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05-12-2012

Theoretician, Chemist and Researcher George Schatz Receives Clarkson University Honorary Degree

[A photograph for media use is available at http://www.clarkson.edu/news/photos/gschatz2.jpg.]

George C. Schatz, the Charles E. and Emma H. Morrison Professor of Chemistry and of Chemical and Biological Engineering at Northwestern University, received an honorary doctor of science degree at Clarkson University's 119th Commencement today.

Clarkson University President Tony Collins (left) presents an honorary doctor of science degree to George C. Schatz, the Charles E. and Emma H. Morrison Professor of Chemistry and of Chemical and Biological Engineering at Northwestern University.Schatz is a world-class theoretician, chemist and researcher in the optical, structural and thermal properties of nanomaterials and biomaterials.

The degree was awarded for his "remarkable vision and pioneering research in the field of chemical reaction dynamics that has laid the foundation for today’s research in combustion, atmospheric and space chemistry, and his scholarly achievements in the fields of chemistry, nanoscience, biomaterials and computational electrodynamics; and for his steadfast dedication to mentoring tomorrow’s scientific leaders.”

In addressing the Class of 2012, Schatz said, “Forty-one years ago I sat where you are now today and I wondered, what is the future going to bring?

"The good news for me, and this news also applies to you, is that I had a Clarkson education. I had the grounding of fundamentals and I also had the training for independent thinking. I had the role models; I had the professors who had not only educated me, but who became my friends and who have played a huge role throughout my career.

"Let me conclude by simply saying, good luck to you all. Have fun. I look forward to hearing about the great things that you will accomplish in the future." 

Over the past 35 years, Schatz has published three books and more than 650 papers, contributing significantly to theories of dynamical processes important in chemistry, including gas phase and gas/surface reactions, energy transfer processes, transport phenomena and photochemistry. He recently appeared on the Times Higher Education list of the Top 100 Chemists of the Past Decade.

In the field of chemical reaction dynamics, Schatz was one of the pioneers in the application of quantum scattering methods to determine the cross sections and rates of simple gas phase reactions. With these methods and surfaces, he was involved in early studies of many reactions important to combustion, atmospheric and space chemistry.

Schatz’s work in nanoscience has contributed to the development of computational electrodynamics and electric structure methods for the study of noble metal particles and molecules interacting with metal particles.

This work has led to the basic understanding of the influence of nanoparticle size, shape, arrangement and environment on these optical properties, leading to applications of these particles in biomolecule detection.

Schatz has also been involved in studies of self-assembly processes, DNA structures and the patterning of molecules on surfaces and has studied the mechanical properties of hard materials, including diamond films, grapheme and carbon nanotubes.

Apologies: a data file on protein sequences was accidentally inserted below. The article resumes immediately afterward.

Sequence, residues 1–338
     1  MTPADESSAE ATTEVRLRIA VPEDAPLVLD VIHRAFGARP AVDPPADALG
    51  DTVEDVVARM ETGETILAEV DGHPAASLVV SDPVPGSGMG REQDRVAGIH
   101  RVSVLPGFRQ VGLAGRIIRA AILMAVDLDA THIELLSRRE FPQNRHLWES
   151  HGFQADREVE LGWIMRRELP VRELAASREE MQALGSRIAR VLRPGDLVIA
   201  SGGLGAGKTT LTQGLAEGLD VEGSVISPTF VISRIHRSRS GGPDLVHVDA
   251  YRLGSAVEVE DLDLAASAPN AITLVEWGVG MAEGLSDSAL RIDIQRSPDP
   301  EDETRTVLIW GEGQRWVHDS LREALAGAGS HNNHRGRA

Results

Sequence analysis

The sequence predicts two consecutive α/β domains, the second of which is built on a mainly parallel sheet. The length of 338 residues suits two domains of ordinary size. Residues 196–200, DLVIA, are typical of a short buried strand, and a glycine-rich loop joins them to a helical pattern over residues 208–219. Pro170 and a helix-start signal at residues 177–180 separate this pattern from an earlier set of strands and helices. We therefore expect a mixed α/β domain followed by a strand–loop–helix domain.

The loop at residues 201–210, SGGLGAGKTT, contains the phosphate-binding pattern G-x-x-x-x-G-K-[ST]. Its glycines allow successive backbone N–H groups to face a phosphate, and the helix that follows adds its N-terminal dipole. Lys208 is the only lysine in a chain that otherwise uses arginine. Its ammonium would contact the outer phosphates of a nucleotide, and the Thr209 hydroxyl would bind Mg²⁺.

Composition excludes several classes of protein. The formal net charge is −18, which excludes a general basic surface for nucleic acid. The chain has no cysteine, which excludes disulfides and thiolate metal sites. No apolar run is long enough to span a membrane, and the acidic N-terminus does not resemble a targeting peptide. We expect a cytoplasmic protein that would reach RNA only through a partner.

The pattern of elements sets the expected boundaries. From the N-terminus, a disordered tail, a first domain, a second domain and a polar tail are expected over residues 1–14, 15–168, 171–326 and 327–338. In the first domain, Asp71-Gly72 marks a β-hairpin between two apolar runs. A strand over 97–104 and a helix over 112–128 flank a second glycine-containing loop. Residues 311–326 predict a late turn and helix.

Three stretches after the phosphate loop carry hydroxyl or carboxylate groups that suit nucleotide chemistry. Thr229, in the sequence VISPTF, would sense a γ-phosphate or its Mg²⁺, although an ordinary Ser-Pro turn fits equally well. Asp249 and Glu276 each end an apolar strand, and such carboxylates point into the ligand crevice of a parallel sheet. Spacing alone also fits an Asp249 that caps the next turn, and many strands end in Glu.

Schatz, who was born in Watertown, N.Y., earned a bachelor of science degree in chemistry from Clarkson University in 1971, and then went on to earn a Ph.D. from Caltech in 1976 and perform postdoctoral work at MIT.

He has been at Northwestern since 1976, where he oversees a research group of some 20 graduate students and postdocs. Throughout his career at Northwestern, Schatz has been a mentor and advisor to hundreds of students. He has taught courses in chemistry, physical chemistry, quantum chemistry and advanced topics in chemistry.

Schatz is a member of several national academies, including the National Academy of Sciences, the American Academy of Arts and Sciences and the International Academy of Quantum Molecular Sciences.

He serves as editor-in-chief of the Journal of Physical Chemistry and is the recipient of several awards, including the Bourke Medal of the Royal Society of Chemistry, the Feynman Prize of the Foresight Institute, the Herschbach Medal, and the Debye Award of the American Chemical Society.

Clarkson University launches leaders into the global economy. One in five alumni already leads as a CEO, VP or equivalent senior executive of a company. Located just outside the Adirondack Park in Potsdam, N.Y., Clarkson is a nationally recognized research university for undergraduates with select graduate programs in signature areas of academic excellence directed toward the world’s pressing issues. Through 50 rigorous programs of study in engineering, business, arts, sciences and health sciences, the entire learning-living community spans boundaries across disciplines, nations and cultures to build powers of observation, challenge the status quo, and connect discovery and engineering innovation with enterprise.

Photo caption: Clarkson University President Tony Collins (left) presents an honorary doctor of science degree to George C. Schatz, the Charles E. and Emma H. Morrison Professor of Chemistry and of Chemical and Biological Engineering at Northwestern University.

[News directors and editors: For more information, contact Michael P. Griffin, director of News & Digital Content Services, at 315-268-6716 or mgriffin@clarkson.edu.]

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